The JXTA implementation of the centralized chat system contains two services: a server and a client. The server creates a pipe, advertises it to the group, and listens to it. The server peer also operates as a rendezvous: when clients join the peer group, they will connect to the rendezvous service for discovery. The server understands two kinds of messages: registration and chat messages. The registration message contains the nickname of the registering client as well as the advertisement for the pipe the client is listening to. When the server receives a registration message it stores the information away. When it receives a chat message, it looks in its storage, finds the pipe for the recipient, and forwards it along.
The client's job is almost as complex as the server's. When the client starts, it uses the JXTA discovery service to find the pipe advertisement for the server. Behind the scenes, JXTA contacts the rendezvous peer for the group (in this case, the server), and finds the appropriate advertisement. The client then creates a pipe of its own to listen on and forwards the advertisement for this pipe to the server via a registration message. Chat messages are sent to the server for delivery. Independently, the client also listens on its own pipe for incoming chat messages, which it then displays.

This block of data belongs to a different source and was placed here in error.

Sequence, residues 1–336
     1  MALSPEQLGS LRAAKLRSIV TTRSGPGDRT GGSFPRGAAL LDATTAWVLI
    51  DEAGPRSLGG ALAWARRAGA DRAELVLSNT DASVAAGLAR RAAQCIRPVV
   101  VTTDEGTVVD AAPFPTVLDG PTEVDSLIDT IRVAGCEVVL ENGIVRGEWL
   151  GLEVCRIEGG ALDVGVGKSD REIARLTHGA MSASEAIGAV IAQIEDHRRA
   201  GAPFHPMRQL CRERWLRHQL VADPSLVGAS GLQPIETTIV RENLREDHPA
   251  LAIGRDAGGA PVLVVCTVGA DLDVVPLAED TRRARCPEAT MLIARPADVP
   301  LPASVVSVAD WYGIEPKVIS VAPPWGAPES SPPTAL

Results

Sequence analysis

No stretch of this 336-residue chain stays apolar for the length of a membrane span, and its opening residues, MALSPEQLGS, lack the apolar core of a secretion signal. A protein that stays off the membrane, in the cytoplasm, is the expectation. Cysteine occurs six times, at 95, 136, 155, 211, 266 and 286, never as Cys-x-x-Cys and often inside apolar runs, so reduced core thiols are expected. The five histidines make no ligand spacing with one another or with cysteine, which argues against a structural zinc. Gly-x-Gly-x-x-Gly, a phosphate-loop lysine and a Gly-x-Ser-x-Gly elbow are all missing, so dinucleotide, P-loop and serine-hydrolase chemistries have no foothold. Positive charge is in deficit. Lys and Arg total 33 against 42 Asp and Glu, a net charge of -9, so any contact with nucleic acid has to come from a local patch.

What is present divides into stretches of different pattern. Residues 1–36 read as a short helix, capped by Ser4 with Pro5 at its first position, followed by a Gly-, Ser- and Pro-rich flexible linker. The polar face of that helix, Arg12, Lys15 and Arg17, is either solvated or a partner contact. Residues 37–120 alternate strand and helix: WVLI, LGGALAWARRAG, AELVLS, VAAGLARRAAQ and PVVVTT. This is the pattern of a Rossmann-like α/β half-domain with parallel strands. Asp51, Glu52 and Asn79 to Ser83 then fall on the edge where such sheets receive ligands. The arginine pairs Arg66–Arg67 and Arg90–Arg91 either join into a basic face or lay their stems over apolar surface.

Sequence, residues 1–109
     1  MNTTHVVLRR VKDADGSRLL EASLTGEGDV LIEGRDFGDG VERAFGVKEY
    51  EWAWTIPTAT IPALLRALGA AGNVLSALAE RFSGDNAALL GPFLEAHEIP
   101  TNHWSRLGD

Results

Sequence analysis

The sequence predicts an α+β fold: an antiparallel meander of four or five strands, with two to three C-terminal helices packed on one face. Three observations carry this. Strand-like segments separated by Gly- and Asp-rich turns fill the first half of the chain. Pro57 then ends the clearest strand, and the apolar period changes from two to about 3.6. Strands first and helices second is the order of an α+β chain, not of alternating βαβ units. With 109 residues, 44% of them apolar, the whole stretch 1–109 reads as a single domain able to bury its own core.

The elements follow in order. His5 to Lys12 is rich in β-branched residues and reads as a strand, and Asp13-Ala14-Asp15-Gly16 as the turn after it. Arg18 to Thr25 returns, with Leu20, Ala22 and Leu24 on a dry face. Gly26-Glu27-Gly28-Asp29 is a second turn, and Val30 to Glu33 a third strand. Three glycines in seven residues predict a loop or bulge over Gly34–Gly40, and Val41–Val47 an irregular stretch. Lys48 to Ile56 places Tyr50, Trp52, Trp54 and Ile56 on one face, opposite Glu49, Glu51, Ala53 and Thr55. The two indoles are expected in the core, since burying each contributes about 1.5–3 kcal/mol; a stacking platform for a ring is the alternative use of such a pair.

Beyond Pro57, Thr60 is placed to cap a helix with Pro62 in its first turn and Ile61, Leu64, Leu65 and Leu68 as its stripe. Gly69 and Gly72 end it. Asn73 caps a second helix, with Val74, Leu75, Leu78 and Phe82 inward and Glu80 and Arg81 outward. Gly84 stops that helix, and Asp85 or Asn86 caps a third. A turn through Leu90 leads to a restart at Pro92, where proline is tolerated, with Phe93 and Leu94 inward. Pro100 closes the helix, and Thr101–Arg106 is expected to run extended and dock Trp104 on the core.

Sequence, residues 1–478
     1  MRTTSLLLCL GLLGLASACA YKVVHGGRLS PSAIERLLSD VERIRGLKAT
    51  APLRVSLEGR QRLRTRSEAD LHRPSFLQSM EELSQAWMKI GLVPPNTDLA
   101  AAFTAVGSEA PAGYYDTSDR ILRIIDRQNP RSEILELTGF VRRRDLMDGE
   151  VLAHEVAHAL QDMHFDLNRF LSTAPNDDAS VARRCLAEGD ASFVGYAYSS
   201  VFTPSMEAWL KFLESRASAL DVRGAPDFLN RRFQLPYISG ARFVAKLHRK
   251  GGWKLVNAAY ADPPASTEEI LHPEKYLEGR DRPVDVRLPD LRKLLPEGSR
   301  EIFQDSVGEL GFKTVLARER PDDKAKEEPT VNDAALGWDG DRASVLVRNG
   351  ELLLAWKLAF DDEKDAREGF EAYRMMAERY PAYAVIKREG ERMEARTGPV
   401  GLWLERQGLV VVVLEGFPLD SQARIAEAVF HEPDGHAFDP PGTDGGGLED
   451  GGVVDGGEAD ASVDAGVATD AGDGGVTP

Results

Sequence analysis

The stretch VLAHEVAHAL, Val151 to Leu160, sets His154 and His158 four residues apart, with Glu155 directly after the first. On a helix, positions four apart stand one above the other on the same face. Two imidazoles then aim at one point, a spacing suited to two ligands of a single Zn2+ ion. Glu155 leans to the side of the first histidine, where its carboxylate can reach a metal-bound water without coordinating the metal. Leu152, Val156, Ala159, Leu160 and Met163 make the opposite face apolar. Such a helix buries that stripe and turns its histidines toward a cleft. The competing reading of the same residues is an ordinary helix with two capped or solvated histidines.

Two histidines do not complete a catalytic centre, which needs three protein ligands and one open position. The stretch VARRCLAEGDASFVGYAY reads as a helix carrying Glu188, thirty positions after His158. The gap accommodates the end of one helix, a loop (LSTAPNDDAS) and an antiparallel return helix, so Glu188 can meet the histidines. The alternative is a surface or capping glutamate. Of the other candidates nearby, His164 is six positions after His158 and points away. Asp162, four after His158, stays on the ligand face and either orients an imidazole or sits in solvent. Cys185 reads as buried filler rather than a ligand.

The centralized chat application works exactly like a conventional client/server system, only implemented in JXTA. The only advantage JXTA provides in this kind of design is the ability for new clients to find the server when they start up. But because there is only one single server with fixed address this discovery service is not even that useful. It is certainly possible to build centralized applications with JXTA, but not particularly advantageous.
The brokered case of the chat tutorial works quite similarly to the centralized case. Clients still register themselves with the centralized server. The difference lies in how messages are sent. Rather than route all messages through the server, the clients send messages directly to each other. The server's role is now to help clients find each other.
In detail, the major change is that clients no longer send chat messages to the server: instead, they send them directly to each other. In order to find the client pipe to send a chat message to, the chat client sends a new kind of message, a "client discovery message," to the server. The server responds with the pipe advertisement for the other client node. With that information, the two clients can talk directly to each other.
This design is much like other brokered systems (such as Napster), where the server introduces the two peers to each other and gets out of the way. Implementing this in JXTA is a fair amount of work, particularly because the current system does not directly support query/response types of communication. As with the centralized system, the brokered chat implementation still relies on JXTA discovery to find the server.
The real advantage of JXTA in this kind of brokered system is the firewall traversal capabilities. If both peers are behind firewalls, then in a typical peer-to-peer system they are not able to open a connection to each other. We see this pattern in instant messaging systems like ICQ: they try to do a brokered chat, where clients talk directly to each other, but fall back to a server routed scheme if firewalls or NATs get in the way. JXTA makes this firewall negotiation happen automatically, allowing system designers to write applications as if two peers are talking directly to each other even if they are behind firewalls.